IF THE AFL had stuck to its initial plans, the inaugural nationwide women's season would have been in the chaotic year that was 2020.
But the success of exhibition matches between 2013 and 2015 helped fast track the birth of the NAB AFLW competition by at least three years.
Instead of a competition attempting to get off the ground during a pandemic, the NAB AFLW entered 2021 firmly established.
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Approaching the latter part of its fifth season, AFLW has exceeded the wildest expectations of executives and is helping lead the sport out of its most disrupted 12 months since World War II.
Western Bulldogs 2016 premiership coach Luke Beveridge believes women's football has "breathed life into the code".
"This is what the girls have done to our game. They've really helped the game get off the ground again," he told Melbourne radio station SEN last week.
AFLW boss Nicole Livingstone says you only have to attend any of the seven games a week to see how far the League has come.
A lot of those conversations about AFLW and standard of AFLW have disappeared because people are just getting lost in watching their teams
"What pleases me is when I'm going to the footy is I'm not only seeing young girls being inspired by AFLW players, but I'm seeing as many young boys," Livingstone said.
"It's that tipping point that people are just seeing footy; people are not necessarily seeing the gender.
"A lot of those conversations about AFLW and standard of AFLW have disappeared because people are just getting lost in watching their teams.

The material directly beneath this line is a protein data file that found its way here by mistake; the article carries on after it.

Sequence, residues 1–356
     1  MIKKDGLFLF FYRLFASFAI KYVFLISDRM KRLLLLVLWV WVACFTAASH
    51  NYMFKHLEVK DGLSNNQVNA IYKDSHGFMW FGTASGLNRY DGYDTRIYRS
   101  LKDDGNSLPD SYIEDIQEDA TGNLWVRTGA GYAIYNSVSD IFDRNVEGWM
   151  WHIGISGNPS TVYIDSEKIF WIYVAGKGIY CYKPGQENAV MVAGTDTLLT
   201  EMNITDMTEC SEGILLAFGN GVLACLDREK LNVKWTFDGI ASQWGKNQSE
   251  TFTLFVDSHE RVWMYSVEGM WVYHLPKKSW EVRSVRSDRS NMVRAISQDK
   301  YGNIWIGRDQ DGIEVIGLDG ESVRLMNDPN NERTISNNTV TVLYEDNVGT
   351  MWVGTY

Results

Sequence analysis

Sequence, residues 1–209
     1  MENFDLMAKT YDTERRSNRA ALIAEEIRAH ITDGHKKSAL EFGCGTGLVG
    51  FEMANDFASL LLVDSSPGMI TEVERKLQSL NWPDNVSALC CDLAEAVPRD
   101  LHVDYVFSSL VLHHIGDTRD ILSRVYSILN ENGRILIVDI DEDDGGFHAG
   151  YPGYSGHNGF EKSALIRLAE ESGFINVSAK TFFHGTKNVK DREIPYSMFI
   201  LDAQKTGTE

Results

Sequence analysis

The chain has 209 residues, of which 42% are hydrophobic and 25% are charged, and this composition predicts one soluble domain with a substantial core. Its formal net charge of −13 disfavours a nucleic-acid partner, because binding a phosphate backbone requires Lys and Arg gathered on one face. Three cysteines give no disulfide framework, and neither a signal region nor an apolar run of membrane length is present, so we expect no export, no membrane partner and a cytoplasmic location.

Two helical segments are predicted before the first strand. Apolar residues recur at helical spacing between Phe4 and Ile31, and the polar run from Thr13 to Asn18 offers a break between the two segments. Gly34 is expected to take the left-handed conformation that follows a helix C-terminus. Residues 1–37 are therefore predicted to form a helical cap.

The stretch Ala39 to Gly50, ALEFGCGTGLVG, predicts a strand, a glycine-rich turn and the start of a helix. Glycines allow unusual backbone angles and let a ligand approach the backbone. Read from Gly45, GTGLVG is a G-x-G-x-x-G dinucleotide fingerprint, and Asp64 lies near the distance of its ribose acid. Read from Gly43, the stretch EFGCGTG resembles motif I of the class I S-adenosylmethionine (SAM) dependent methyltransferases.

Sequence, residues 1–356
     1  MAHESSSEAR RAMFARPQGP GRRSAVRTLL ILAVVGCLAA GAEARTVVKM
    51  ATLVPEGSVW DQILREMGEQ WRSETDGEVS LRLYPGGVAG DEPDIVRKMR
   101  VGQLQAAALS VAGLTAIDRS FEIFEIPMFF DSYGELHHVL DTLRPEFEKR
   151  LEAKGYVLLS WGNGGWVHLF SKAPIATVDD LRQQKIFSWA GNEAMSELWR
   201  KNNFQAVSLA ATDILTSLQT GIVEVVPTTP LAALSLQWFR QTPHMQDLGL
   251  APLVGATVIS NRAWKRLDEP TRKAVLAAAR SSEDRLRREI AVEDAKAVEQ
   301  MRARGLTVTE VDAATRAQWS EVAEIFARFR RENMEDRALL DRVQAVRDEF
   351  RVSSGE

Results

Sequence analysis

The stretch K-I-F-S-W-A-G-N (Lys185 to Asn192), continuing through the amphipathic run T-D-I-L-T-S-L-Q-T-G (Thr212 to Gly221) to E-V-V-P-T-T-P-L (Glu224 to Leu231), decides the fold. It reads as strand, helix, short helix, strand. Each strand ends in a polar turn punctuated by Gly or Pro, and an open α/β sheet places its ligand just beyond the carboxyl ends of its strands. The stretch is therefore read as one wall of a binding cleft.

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"I never underestimate the value of having the men's side of the business make commentary around AFLW, particularly positive, because it does add a sense of legitimacy to what we're doing."
Uneducated armchair critics attempted to argue strong crowds during the first four seasons were widely due to matches being free to attend.
But with spectators now being charged for tickets, any trolled comments that 'no one would pay to watch it' have dissipated.
"Ticketing has not been a barrier to our attendance," Livingstone said.
"A lot of our venues do have COVID capping, in Victoria in particular, so we haven't been able to be at full capacity but we've still seen people flocking to watch games.
"Gameplay point of view is we're seeing players have more confidence in what they're doing.
"They're running for longer, they're having multiple bounces along the wing. Scoring is up.
"Every year that our players get another pre-season and season of games away they get experience in learning how to manage themselves and play the game.
"We have players coming to AFLW that had never really had a formalised training program before."
Adelaide superstar Erin Phillips, Melbourne captain Daisy Pearce, Fremantle ace Kiara Bowers and Western Bulldogs skipper Ellie Blackburn are still going strong as marquee players from season one, but the younger generation is already stepping up.
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